Dearborn Street’s celebrity status skyrockets


Active Transportation Alliance posted a 1:50 video showing before and after conditions

The Dearborn Street two-way protected bike lane looks to be the biggest deal, nationally, in bicycle infrastructure since the City of Chicago built the Kinzie Street cycle track three weeks after Mayor Rahm Emanuel took office. If it had an account on Twitter, it’d be competing with Justin Bieber.

Here’s a collection of “chatter” about the project from within the short 90 hours it’s been open.

“More than just bike benefits”


The Metropolitan Planning Council (MPC) produced their own 1:50 video interviewing Chicago transportation commissioner Gabe Klein about the economic benefits of building bicycle infrastructure and showing scenes from the press conference and of people bicycling in the Dearborn Street bike lane.

“Back to the Future moment”

Architecture “observer” Lynn Becker reviewed how this new piece of infrastructure fits into the history and culture of Chicago, then and now. The following are unconnected excerpts.

On Friday, Chicago Mayor Rahm Emanuel and Department of Transportation Commissioner Gabe Klein dedicated the city’s most ambitious commitment yet to the ideal of taking biking beyond the recreational to make it an integral part of Chicago’s transportation system.

It was a Back to the Future moment, as Chicago rose the crest of the first major bike boom back in the 1890’s, when the introduction of the affordable safety bicycle set sales soaring.  It also created a new industry, with Chicago at its center.

The Trib’s John Kass, as part of his ongoing battle against the 21st Century, rails against “elitist politically coddled bicyclists” by indulging his usual habit of seeing everything in Chicago he doesn’t like as a Rahm Emanuel plot, raising spectres of traffic tickets and tolls for bikers.

It’s like having to learn a new language, relearning how we “read” the city as we move through it.  No doubt about it, it’s a bold initiative, and a real gamble.  It not only serves a constituency, but aims to shape behaviour.

Read on for Becker’s full commentary and a video of Klein and Emanuel’s speeches. Continue reading Dearborn Street’s celebrity status skyrockets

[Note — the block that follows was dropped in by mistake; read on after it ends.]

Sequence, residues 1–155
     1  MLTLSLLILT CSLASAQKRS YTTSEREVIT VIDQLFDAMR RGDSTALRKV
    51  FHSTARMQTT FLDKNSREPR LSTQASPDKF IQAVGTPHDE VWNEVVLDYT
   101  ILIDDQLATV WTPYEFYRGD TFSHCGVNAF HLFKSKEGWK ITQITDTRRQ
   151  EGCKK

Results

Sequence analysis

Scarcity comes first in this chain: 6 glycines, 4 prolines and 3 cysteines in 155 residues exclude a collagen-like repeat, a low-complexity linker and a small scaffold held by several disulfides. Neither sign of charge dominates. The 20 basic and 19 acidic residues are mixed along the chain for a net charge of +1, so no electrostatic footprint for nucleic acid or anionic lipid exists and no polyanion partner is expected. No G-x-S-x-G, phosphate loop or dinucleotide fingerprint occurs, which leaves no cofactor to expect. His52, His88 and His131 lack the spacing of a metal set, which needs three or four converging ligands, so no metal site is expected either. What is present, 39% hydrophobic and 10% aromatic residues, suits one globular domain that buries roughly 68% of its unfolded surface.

Jackson Boulevard bike lane downgraded to buffered, to possibly be installed in spring 2013


The street has lacked lane markings and a bike lane (a conventional bike lane existed prior to repaving) since it was repaved in October 2011.

A year and a half after one segment was completed, the Jackson Boulevard bike lane project may be finished, but with a lesser bike lane. Short of submitting a Freedom of Information Act for communications between the Chicago and Illinois Departments of Transportation and other recipients, here’s what I’ve been able to gather so far.

The Jackson Boulevard bike lane between Ogden Avenue and Halsted Street “will likely be extended to Halsted in Spring 2013 as a buffer protected bike lane”, CDOT public information officer Pete Scales emailed me yesterday.

He means a buffered bike lane.

Only CDOT views a buffered bike lane as protected. The National Association of City Transportation Officials (NACTO), of which Chicago is a member and Gabe Klein its treasurer, defines a buffered bike lane:

Buffered bike lanes are conventional bicycle lanes paired with a designated buffer space separating the bicycle lane from the adjacent motor vehicle travel lane and/or parking lane.

Klein told me in an email after I questioned the labeling practice, “The City of Chicago views ‘protected bike lanes’ as the master category, and within that there are ‘buffer protected’ and ‘barrier protected’ bike facilities. On some streets we will be going back and forth depending on the right of way, and potentially multiple times in a block as we get into more complicated installations.”

Conversely, a “protected bike lane”, or “cycle track”, is defined by NACTO as:

One-way protected cycle tracks are bikeways that are at street level and use a variety of methods for physical protection from passing traffic. A one-way protected cycle track may be combined with a parking lane or other barrier between the cycle track and the motor vehicle travel lane.

The second part of Klein’s statement is understandable: a project like Elston Avenue is considered a “protected bike lane” even though parts of it have no protection (between North and LeMoyne and between Augusta and Milwaukee). This new definition isn’t in line with the publications and communications so far published by the department or with NACTO’s Urban Bikeway Design Guide. Any street to receive only a “buffered bike lane” has strictly been labeled as such, and not with “buffer protected bike lane”. There’s nothing protective about 2-feet wider bike lane when riding between moving traffic and parked cars.

IDOT’s response to my inquiry was ambiguous: “That is certainly one of the issues we have discussed with CDOT and are working with them on, in terms of gathering data about safety impacts, traffic impacts and other operational issues.”